Webster-Stratton, Part 1

I have started a parenting course: the Webster-Stratton Incredible Years Parenting Course, to be precise.  As with the NCT classes four years ago, this is not so much because I feel any great need to learn about the subject matter (reading parenting books and discussing parenting issues on Internet lists qualify, by this point in my life, as my hobbies), but because I think it sounds like a fun way of meeting people.  After all these years of discussing parenting on the 'Net, I figured it would be good to get to do it with face-to-face, with people with whom I could potentially get together for a coffee later.  I was a bit dubious about the appropriateness of taking a place on a parenting course on that basis – what if I thereby deprived a woman who really did want to learn more about parenting skills of a place? – but, although I wasn't quite that blunt about my reasons when I spoke to the person running the course about starting, I did say I'd become interested because I thought it would be good to meet other parents and talk about parenting, and she didn't seem to think it would be any sort of an issue.  As it turned out, there are only four of us in the group anyway, so I think it fair to say that my presence there is not preventing anyone else who wants to from squeezing in.

Anyway, when I googled the course to find out more about it, I found a lot of links advertising courses in different parts of the world, but none from anyone giving the inside scoop on what it was like to attend (other than the obligatory glowing quotes about how helpful it had been).  I thought it might therefore be interesting to report back on what we learned each week, for the benefit of anyone else who's googling it.  One problem with that which I hadn't anticipated is that there turned out to be a confidentiality rule about what gets discussed in the meetings – this seems perfectly reasonable to me, so I will refrain from giving any details about the women there or any specifics of any problems anyone else discusses.

I also ran into some practical hassles – I had to go to the butcher after dropping Katie off at nursery and before going to the first meeting, meaning I arrived ten minutes late, and then I had to leave an hour early to let the plumber in to fix our boiler at home.  So, unfortunately, what I can tell you about the first session is rather limited.  Here's what I did manage to get:

The class started with an outline of what we would cover that week (this is the first bit I missed, but I saw it when the class leader turned the page of the flipchart back over) and then went on to detailed introductions, in which we each in turn gave our names, our children's names and ages, a brief summary of the kinds of problems we had with them, and what we hoped to get out of the course.  As well as the four of us and Helen, the person leading the group, there was another staff member there; I haven't found out whether she's officially there as a second group leader or whether she's sitting in to learn more about the course for herself.  We then brainstormed ground rules for the group – confidentiality, respect for others, and so forth.  The leader then showed us a picture of a pyramid divided into levels to illustrate the ways in which the course would build up our knowledge, starting at the most fundamental level, which was 'Play'.  On that foundation, we will build up in subsequent weeks to discussing such issues as emotional coaching, communication, rewards, limit setting, and finally discipline (though blessed if I can figure out what would be left under that final heading that won't already have been covered under all the others – oh, well, we shall see).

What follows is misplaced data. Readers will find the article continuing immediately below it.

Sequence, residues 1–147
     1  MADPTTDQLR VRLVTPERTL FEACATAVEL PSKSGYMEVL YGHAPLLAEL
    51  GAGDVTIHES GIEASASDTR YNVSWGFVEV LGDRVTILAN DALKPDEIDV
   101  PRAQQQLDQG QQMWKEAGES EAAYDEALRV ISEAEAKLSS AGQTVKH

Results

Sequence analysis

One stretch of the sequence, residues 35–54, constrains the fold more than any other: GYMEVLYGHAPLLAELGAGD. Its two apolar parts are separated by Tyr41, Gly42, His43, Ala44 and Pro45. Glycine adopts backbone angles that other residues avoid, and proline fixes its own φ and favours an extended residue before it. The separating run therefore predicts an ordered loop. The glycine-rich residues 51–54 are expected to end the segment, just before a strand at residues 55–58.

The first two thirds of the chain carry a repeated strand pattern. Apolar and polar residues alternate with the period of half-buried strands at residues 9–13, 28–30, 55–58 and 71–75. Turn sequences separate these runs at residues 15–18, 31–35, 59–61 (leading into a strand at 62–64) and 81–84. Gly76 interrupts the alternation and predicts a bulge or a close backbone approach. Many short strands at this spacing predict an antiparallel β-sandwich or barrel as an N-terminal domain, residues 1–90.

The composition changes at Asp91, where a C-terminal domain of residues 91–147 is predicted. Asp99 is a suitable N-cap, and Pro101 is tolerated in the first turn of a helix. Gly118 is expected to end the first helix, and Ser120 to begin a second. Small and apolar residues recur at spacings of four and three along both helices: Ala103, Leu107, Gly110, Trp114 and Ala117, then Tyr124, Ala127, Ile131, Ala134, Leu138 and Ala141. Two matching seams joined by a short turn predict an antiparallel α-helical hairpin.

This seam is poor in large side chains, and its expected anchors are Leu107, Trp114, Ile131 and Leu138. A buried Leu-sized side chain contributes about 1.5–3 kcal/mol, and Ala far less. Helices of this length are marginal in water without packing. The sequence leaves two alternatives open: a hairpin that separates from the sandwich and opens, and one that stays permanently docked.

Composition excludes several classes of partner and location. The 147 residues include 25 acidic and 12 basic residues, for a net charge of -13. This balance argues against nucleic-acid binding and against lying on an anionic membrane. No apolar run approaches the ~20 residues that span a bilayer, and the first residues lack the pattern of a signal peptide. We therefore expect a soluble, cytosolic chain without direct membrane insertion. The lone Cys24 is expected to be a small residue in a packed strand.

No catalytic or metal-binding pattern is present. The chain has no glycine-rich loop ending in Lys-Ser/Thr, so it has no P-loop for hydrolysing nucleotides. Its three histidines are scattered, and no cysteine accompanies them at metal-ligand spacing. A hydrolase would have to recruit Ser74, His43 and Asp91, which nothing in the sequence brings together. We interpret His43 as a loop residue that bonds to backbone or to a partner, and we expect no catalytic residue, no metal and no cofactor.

Our task for this first week, Helen explained (we will, it appears, have one each week on which we report back the following week), will be to focus on playing with each child for ten minutes.  We start on this before addressing any specific behaviours we want to change, because giving children that chance for our undivided positive attention provides the foundation we need for changing anything.  Connection with our children is one of the most powerful tools we have in working constructively with them.

We had a bit of a discussion about the practicalities of this task (how to manage it when we have more than one child, or when the child wants to play with someone else instead of us), which wandered off a bit into some discussion of some of the problems another mother was having, and then we went on to brainstorming about the benefits of play, such as connection with the child and fostering imagination.  And then, I had to leave to let the plumber in.  From what I saw on the flipchart, the rest of the group then went on to discussing barriers to play, followed by six vignettes.  Oh, well – maybe I'll get updated on that when I go back this Friday.  Meanwhile, the boiler is now working perfectly well after having the filters cleaned, and the butcher is now back to working on Saturday mornings as well after his holiday, so I should be able to make the full sessions for subsequent weeks.  Here's hoping.

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Filed under (Horses for) Courses, My (anti)social life

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